- Ways that estate plans fail DetailsEstate plan failures are, for the most part, not caused by problems with the language in the plan or tax strategies. Most often, they’re the result of lack of follow through on the part of the client or trust mismanagement.
- Questions to ask your parents before they pass DetailsTalking to your parents about their mortality and the estate planning that needs to be done before they die is one of hardest discussions you’ll need to have with your parents.
- Tips on estate planning for your second marriage DetailsIf you’re getting remarried, you’re bound to face some challenges when it comes to estate planning for you and your new spouse as well as any children from previous marriages….
- 3 myths about estate planning DetailsThree of the top reasons people give for not having an estate plan, and our responses to those common myths…
- Considerations when developing an estate plan for families with Special Needs DetailsIf you’re a parent of a special needs individual, establishing an estate plan that ensures that your child will continue to receive the best possible care when you’re no longer able to provide that care can be challenging….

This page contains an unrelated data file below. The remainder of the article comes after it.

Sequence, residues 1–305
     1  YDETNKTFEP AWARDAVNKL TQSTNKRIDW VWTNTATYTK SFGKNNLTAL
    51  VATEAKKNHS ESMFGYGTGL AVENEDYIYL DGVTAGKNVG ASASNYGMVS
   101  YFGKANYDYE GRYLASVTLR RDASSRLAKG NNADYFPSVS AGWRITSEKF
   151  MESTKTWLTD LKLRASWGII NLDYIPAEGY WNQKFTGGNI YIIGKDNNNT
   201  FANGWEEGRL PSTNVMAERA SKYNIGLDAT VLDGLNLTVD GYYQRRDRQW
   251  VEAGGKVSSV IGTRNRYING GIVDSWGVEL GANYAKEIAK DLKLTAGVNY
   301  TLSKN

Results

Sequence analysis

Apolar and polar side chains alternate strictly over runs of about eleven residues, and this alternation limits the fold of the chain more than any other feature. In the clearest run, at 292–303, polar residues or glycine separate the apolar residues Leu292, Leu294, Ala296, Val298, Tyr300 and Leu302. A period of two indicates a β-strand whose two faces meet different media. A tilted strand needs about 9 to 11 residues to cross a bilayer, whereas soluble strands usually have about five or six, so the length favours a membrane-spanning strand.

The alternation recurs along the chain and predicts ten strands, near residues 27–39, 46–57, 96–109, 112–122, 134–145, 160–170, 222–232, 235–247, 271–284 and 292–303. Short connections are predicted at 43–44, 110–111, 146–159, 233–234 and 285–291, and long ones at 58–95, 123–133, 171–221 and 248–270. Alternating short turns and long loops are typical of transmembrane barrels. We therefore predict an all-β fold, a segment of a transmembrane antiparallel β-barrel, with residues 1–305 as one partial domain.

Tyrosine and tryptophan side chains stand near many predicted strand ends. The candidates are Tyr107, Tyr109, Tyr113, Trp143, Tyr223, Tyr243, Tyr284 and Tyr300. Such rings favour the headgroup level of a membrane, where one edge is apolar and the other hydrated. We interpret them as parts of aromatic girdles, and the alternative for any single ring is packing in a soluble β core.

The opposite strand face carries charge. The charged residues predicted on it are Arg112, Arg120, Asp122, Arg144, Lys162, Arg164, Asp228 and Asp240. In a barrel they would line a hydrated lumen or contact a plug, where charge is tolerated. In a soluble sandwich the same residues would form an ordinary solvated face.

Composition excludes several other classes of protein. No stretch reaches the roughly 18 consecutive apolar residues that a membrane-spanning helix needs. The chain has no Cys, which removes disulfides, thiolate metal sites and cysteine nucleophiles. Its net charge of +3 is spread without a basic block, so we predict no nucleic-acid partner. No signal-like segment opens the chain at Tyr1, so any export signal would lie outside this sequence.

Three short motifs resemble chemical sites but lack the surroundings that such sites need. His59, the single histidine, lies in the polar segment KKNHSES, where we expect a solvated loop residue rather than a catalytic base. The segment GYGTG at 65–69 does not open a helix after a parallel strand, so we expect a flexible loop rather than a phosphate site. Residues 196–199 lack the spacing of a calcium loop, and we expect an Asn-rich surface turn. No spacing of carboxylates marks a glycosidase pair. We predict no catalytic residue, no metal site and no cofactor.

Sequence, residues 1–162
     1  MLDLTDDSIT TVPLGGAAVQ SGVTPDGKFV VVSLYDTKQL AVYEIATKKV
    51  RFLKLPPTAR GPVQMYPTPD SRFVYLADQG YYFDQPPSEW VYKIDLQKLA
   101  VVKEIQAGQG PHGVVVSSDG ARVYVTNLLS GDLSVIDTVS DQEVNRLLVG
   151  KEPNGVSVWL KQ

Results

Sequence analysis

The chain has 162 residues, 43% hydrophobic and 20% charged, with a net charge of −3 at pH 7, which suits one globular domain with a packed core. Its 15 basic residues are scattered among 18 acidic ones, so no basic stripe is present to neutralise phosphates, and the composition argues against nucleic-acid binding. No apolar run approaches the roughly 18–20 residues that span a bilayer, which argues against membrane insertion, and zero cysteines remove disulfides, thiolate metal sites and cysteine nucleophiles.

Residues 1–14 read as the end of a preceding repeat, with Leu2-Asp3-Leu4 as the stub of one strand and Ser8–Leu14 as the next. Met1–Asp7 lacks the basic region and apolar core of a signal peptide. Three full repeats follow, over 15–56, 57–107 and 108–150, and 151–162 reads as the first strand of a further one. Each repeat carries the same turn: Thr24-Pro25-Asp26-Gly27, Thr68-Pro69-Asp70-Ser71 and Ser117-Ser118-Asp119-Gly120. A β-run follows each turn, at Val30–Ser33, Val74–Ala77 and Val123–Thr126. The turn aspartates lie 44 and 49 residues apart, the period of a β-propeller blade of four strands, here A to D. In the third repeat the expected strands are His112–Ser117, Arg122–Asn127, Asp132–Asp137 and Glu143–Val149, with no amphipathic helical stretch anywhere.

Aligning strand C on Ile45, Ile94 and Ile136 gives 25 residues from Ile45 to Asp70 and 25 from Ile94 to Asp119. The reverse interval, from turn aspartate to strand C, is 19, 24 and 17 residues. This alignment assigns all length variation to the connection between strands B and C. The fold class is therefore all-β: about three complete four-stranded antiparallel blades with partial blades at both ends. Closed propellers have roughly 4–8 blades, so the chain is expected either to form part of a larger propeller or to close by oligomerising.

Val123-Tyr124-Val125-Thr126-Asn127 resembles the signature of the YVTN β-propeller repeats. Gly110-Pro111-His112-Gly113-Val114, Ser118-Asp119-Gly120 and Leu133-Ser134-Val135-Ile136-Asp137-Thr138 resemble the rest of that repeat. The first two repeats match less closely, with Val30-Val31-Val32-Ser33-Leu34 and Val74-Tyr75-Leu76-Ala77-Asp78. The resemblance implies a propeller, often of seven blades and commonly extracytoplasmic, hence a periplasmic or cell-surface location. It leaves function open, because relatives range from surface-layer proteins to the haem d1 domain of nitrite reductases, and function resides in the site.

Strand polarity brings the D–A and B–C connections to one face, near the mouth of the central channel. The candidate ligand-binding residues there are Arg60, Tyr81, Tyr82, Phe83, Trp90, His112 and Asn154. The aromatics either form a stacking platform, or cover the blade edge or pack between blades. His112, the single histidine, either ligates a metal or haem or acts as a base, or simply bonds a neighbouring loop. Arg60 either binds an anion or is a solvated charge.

- How to talk to your family about estate planning DetailsEstate planning should include instructions on how, when, and to whom you want you assets to be distributed after your death. And instructions for your care should you become disabled or incapacitated, and naming a guardian for minor children or family members with special needs…